Oil paint

Artforum reports that ninety-two museum directors have signed up a document to denounce the targeting of works of art by climate change activists. How could it be otherwise? What is more important to a museum director than not having his marble soiled, than defending the importance of art and culture, than avoiding these vexing problems? That is his job, that is what his salary and his joy depend on.

Also many sensitive people, lovers of art and cultural objects, believe that the activists are wrong because these works are very valuable, property of all humanity, because it gives a bad image to the cause, because art is aloof of the schemes of the oil industry and polluting governments. Of course, these people are in favour of defending the planet, being as sensitive as they are, but that’s not the way, they think – and they write it in newspapers and blogs, too.

Good. The activists have chosen the correct target – whether they know it or not, whether they do it for the right reasons or the wrong ones. First, because – it should be remembered – culture is the opposite of nature. What is cultivated is what is extracted from its natural state and, in one way or another, for the purpose of exploiting the resources contained in nature. These works targeted, the more culturally valuable they are, the more guilty they are with regard to the destruction of nature. They are guilty, for example, of attracting thousands of tourists who, in order to see them, fly like flies, but on regular airlines, from all over the planet (that is what the directors of the museums want, that more tourists fly to see this «heritage of humanity»).

These works are valuable, and the tip of an iceberg that global warming is fattening while contributing to global warming: how many, lesser-known, works are in museum halls, in basements, in galleries, in artists’ studios, all of them with their modest contribution of CO2 to the atmosphere! How often do these works travel in bulky crates, with their specialised staff, with all the papers in order! How many of them go from one continent to another to art fairs and with them their artists, sellers, collectors, spotters and careerists! How many art gadgets are born in studios all over the world, with their colossal expenditure of raw materials, with their tacit support of the oil companies!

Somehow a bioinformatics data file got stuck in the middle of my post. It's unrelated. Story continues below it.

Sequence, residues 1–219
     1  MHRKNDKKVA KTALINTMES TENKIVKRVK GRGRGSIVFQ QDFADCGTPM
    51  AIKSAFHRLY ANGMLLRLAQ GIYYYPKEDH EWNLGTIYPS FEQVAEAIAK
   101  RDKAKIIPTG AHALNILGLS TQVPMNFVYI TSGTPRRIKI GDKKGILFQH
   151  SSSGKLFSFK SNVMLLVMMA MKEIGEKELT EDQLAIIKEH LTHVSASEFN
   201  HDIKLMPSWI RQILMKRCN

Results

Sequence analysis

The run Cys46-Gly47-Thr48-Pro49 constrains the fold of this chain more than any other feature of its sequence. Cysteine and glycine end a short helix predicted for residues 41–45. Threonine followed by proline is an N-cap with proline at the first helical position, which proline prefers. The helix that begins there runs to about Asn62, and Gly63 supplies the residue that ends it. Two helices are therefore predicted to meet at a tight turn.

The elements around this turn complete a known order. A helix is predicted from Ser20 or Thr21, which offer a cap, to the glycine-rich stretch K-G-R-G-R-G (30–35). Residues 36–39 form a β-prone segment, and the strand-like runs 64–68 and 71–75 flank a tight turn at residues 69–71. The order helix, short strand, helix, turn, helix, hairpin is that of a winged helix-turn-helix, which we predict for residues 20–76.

Are these works under attack valuable? So are the ones next to them in the museum. And the cars owned by Sir Norman Foster that were shown at the Guggenheim, and the fashion designers’ suits that have been exhibited in many museums. And – one cannot be elitist – macro-concerts are also valuable, and all the amusement parks, Marvel or Disney, and jet skis are culture; football cups, and local football matches; it goes without saying that gastronomy, whale meat or barnacles, are culture. Because in this democratic world, no one is willing to give up and under this totalitarian regime imposed by the media, these works have the same value as Jenifer Lopez’s tours, for example – for activists, of course, who would gladly throw soup at Jenifer Lopez, for the good of the planet, or glue themselves to her calves with super glue.

I have my objections to the actions of activists and the responses they provoke:

The first condition for defending art – coherently with art – is to know and make explicit its premise: art has no value, let alone art objects.

The first condition for defending the planet – coherently with the planet – is to denounce the real problem it faces, which is neither CO2, oil companies, insidious governments, nor capitalism. It is the arrogance of human beings, their culture but above all, above all, their number. As I wrote recently in a pamphlet book: it’s your children, stupid.

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